It is true that the harmless-error standard is "strictly applied" to Jencks Act violations because holding an error harmless requires us to " 'speculate whether [Jencks material] could have been utilized effectively' " at trial. United States v. North American Reporting, Inc., 740 F.2d 50, 56 n. 8 (D.C.Cir.1984) (quoting Clancy v. United States, 365 U.S. 312, 316, 81 S.Ct. 645, 648, 5 L.Ed.2d 574 (1961)), cert. denied, 474 U.S. 905, 106 S.Ct. 273, 88 L.Ed.2d 234 (1985). We have also held, however, that "the Jencks Act does not contemplate automatic sanctions even when the material has been rendered completely unavailable through loss or destruction," United States v. Rippy, 606 F.2d 1150, 1154 (D.C.Cir.1979), and that the trial court must " 'weigh the degree of negligence or bad faith involved, the importance of the evidence lost, and the evidence of guilt adduced at trial, in order to come to a determination that will serve the ends of justice.' " Id. (quoting United States v. Bryant, 439 F.2d 642, 653 (D.C.Cir.1971)). Because the Jencks Act is not constitutionally required, see United States v. Augenblick, 393 U.S. 348, 356, 89 S.Ct. 528, 533, 21 L.Ed.2d 537 (1969), a court need not find a Jencks error harmless beyond a reasonable doubt in order to uphold a conviction. See United States v. Carrasco, 537 F.2d 372, 377 n. 3 (9th Cir.1976). Further, the Supreme Court has recognized that when the information contained in undisclosed Jencks materials is the same as that provided by the witness at trial, "it would offend common sense and the fair administration of justice to order a new trial." Rosenberg v. United States, 360 U.S. 367, 371, 79 S.Ct. 1231, 1234, 3 L.Ed.2d 1304 (1959). See also United States v. Rippy, 606 F.2d at 1154 (Jencks violation harmless where evidence of guilt was strong, undisclosed statement was relatively insignificant, and no evidence was adduced of bad faith by government).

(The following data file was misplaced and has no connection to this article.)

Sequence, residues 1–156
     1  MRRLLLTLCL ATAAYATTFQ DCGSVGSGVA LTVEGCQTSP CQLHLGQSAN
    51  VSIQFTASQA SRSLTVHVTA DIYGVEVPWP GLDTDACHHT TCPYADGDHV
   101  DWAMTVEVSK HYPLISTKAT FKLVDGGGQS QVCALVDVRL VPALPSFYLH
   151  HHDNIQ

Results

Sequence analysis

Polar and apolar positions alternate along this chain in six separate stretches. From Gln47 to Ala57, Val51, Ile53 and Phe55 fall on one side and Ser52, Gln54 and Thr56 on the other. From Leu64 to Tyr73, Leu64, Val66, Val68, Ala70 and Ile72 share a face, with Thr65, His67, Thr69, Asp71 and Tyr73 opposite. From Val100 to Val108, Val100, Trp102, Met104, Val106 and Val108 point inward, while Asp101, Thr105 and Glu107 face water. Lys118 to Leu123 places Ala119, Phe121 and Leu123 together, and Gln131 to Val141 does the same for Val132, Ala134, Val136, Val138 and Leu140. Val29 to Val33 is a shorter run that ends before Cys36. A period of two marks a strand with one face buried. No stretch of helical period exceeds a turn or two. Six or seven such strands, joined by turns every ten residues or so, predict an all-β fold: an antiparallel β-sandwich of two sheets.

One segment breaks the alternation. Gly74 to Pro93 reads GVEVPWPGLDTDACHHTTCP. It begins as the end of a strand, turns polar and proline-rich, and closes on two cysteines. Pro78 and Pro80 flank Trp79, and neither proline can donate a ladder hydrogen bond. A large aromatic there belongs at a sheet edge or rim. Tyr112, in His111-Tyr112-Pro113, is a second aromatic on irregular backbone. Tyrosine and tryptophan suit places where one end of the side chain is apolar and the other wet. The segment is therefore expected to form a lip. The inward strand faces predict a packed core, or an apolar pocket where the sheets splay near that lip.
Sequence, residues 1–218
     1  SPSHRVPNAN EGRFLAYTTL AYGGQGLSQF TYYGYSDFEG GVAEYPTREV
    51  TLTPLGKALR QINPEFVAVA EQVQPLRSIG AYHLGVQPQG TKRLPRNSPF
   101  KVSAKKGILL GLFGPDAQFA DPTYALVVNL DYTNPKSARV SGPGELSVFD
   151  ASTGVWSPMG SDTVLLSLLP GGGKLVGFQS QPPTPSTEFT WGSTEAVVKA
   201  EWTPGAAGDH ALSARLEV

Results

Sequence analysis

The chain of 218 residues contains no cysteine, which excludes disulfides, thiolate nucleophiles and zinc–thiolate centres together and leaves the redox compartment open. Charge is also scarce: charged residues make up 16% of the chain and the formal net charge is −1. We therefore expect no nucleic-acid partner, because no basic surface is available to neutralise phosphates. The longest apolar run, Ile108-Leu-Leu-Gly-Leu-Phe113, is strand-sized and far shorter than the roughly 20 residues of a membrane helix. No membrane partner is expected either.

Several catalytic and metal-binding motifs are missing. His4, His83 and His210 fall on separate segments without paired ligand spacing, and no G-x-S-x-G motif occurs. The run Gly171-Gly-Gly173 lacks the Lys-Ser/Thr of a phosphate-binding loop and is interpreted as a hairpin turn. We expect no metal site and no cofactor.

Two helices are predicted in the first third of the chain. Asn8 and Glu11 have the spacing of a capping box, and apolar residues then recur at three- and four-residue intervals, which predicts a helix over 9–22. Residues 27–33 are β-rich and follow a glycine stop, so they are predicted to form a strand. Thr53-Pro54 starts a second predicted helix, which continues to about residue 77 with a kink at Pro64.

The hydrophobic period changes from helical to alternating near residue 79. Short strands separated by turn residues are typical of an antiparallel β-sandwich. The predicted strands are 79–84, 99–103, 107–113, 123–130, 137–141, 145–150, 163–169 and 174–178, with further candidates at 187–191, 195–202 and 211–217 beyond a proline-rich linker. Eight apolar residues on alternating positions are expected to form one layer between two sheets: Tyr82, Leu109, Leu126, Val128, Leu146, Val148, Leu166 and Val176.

Here, the trial judge concededly made an error in concluding that the material at issue was not Jencks material, but he also found that the material was insignificant to Lam's defense and would not have benefitted him. Having reviewed the material ourselves in camera, we fully concur with the trial judge. The three documents at issue were of such "marginal utility" to the defense, see United States v. Rippy, 606 F.2d at 1154 n. 24, that the failure to disclose them cannot be said to have prejudiced Lam in any manner warranting reversal. The three documents at issue, though relevant to Forzano's testimony, merely confirmed certain aspects of it and thus would not have provided a tool for impeaching Forzano. Furthermore, our review of the record indicates that there was no support in the evidence for Lam's public authority defense, to which Forzano's testimony was directed, even before Forzano took the stand.9 Even if the Jencks material might have aided cross-examination of Forzano in some way, then, we cannot conclude that this would have assisted Lam's defense in any relevant manner. Finally, Lam presented no evidence to the trial court that the government acted negligently or in bad faith by failing to produce the material; in fact, an affidavit by Forzano filed with the trial court indicated that the failure was inadvertent and was caused by Forzano's misinterpretation of the prosecutor's request for Jencks material rather than by any negligence on the part of the government. We therefore hold that the government's failure to produce Forzano's Jencks material was harmless and that no evidentiary hearing was required on the matter.